What does a Yale classroom look like?

If you’re applying to college right now, you’ve probably given some thought to what you might like to major in or what skills you’d like to learn. But have you ever thought about where your classes would take place?

I certainly didn’t. I was mildly surprised to learn that, unlike in high school, college professors don’t have designated classrooms in which they teach all their classes. Professors usually have smaller offices, which they often use for office hours or one-on-one meetings. Classrooms are assigned to various classes throughout the day based on how many students the room can accommodate and what style of class it is. Classrooms can be divided into roughly three purpose categories: lecture halls, seminar rooms, and labs or other hands-on spaces.

Before we get more into what these spaces are like, a few definitions: A lecture is a class in which the professor is speaking for the majority of the class, often accompanied by either slides or a chalkboard to write on. Professors usually stop to answer student questions while lecturing. A seminar usually requires more direct student participation–think round table discussions or student presentations. Labs or performance-based classes involve hands-on activities that are usually guided by a professor.

While Yale professors might not decorate their rooms with fun posters like your high school teachers do, that doesn’t mean our classrooms aren’t beautiful. I’ve compiled a categorized list of my favorite classrooms for you to envision yourself in below :)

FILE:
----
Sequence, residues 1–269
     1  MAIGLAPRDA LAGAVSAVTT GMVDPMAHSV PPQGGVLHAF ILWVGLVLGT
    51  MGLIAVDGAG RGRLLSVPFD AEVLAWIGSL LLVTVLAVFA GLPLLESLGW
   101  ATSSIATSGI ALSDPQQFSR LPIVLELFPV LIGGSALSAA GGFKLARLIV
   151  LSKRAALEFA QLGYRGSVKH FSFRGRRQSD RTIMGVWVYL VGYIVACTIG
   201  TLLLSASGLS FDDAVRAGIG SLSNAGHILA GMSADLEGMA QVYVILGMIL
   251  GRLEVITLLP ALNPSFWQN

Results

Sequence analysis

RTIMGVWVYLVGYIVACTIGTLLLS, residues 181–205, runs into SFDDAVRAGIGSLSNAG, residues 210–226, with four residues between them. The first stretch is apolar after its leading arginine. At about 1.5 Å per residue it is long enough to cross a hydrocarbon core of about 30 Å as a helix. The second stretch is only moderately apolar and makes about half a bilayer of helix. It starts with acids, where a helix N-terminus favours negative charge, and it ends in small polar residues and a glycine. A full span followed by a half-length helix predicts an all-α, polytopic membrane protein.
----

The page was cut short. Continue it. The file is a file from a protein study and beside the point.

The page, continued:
Lecture Halls: Linsly-Chittenden Hall 102

Hands down, this is my favorite classroom space at Yale. Its stained glass windows and reliefs of literary greats that line the walls make me feel more like I’m in a museum than a classroom. Any lecture you take in this room will be a pleasure.

Lecture Halls: Sheffield-Sterling-Strathcona Lecture Hall

This cavernous space is used for a variety of lectures, especially Psychology and related subjects. I took “The Human Brain” in this room and found the cavernous ceilings particularly lovely.

Seminar Rooms: LC/WLH seminar rooms

Linsly Chittenden Hall and William L. Harkness Hall (LC and WLH for short) have no shortage of seminar rooms. Their tall windows allow light to stream in, literally illuminating the conversation. I love gathering around those broad wooden tables for a great discussion.

Labs and hands-on spaces: Sterling Chemistry Laboratories

If you ever take a chemistry or biology class, you’ll definitely find yourself in one of these pristine labs.

Labs and hands-on spaces: Beinecke classrooms

Beinecke classrooms are located in the Beinecke Rare Books and Manuscripts Library. They are amazing spaces where classes will gather to analyze pieces from the library collection. In one of my favorite Yale classes, “History of Russian and Soviet Art,” we frequently visited the Beinecke to analyze original Russian artistic manuscripts from the early 1900s. It was the coolest experience.

Labs and hands-on spaces: Marsh Botanical Gardens

The Marsh greenhouses are amazing teaching spaces for Ecology and Evolutionary Biology classes. I love this place so much that I dedicated a whole blog post to it–check it out here!